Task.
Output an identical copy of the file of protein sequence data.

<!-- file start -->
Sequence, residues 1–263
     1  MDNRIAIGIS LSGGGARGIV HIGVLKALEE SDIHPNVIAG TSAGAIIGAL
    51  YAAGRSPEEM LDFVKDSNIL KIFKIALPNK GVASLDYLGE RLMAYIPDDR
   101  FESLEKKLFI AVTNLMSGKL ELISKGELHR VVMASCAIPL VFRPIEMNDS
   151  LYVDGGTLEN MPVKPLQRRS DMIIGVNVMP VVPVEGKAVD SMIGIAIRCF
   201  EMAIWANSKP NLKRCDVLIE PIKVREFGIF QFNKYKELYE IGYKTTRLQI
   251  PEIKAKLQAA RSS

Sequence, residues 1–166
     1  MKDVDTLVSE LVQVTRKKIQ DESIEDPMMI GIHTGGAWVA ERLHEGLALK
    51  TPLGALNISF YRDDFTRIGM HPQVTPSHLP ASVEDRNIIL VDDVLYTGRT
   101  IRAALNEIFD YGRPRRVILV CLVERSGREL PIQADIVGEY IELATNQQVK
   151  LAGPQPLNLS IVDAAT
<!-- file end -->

Sequence, residues 1–263
     1  MDNRIAIGIS LSGGGARGIV HIGVLKALEE SDIHPNVIAG TSAGAIIGAL
    51  YAAGRSPEEM LDFVKDSNIL KIFKIALPNK GVASLDYLGE RLMAYIPDDR
   101  FESLEKKLFI AVTNLMSGKL ELISKGELHR VVMASCAIPL VFRPIEMNDS
   151  LYVDGGTLEN MPVKPLQRRS DMIIGVNVMP VVPVEGKAVD SMIGIAIRCF
   201  EMAIWANSKP NLKRCDVLIE PIKVREFGIF QFNKYKELYE IGYKTTRLQI
   251  PEIKAKLQAA RSS

Sequence, residues 1–166
     1  MKDVDTLVSE LVQVTRKKIQ DESIEDPMMI GIHTGGAWVA ERLHEGLALK
    51  TPLGALNISF YRDDFTRIGM HPQVTPSHLP ASVEDRNIIL VDDVLYTGRT
   101  IRAALNEIFD YGRPRRVILV CLVERSGREL PIQADIVGEY IELATNQQVK
   151  LAGPQPLNLS IVDAAT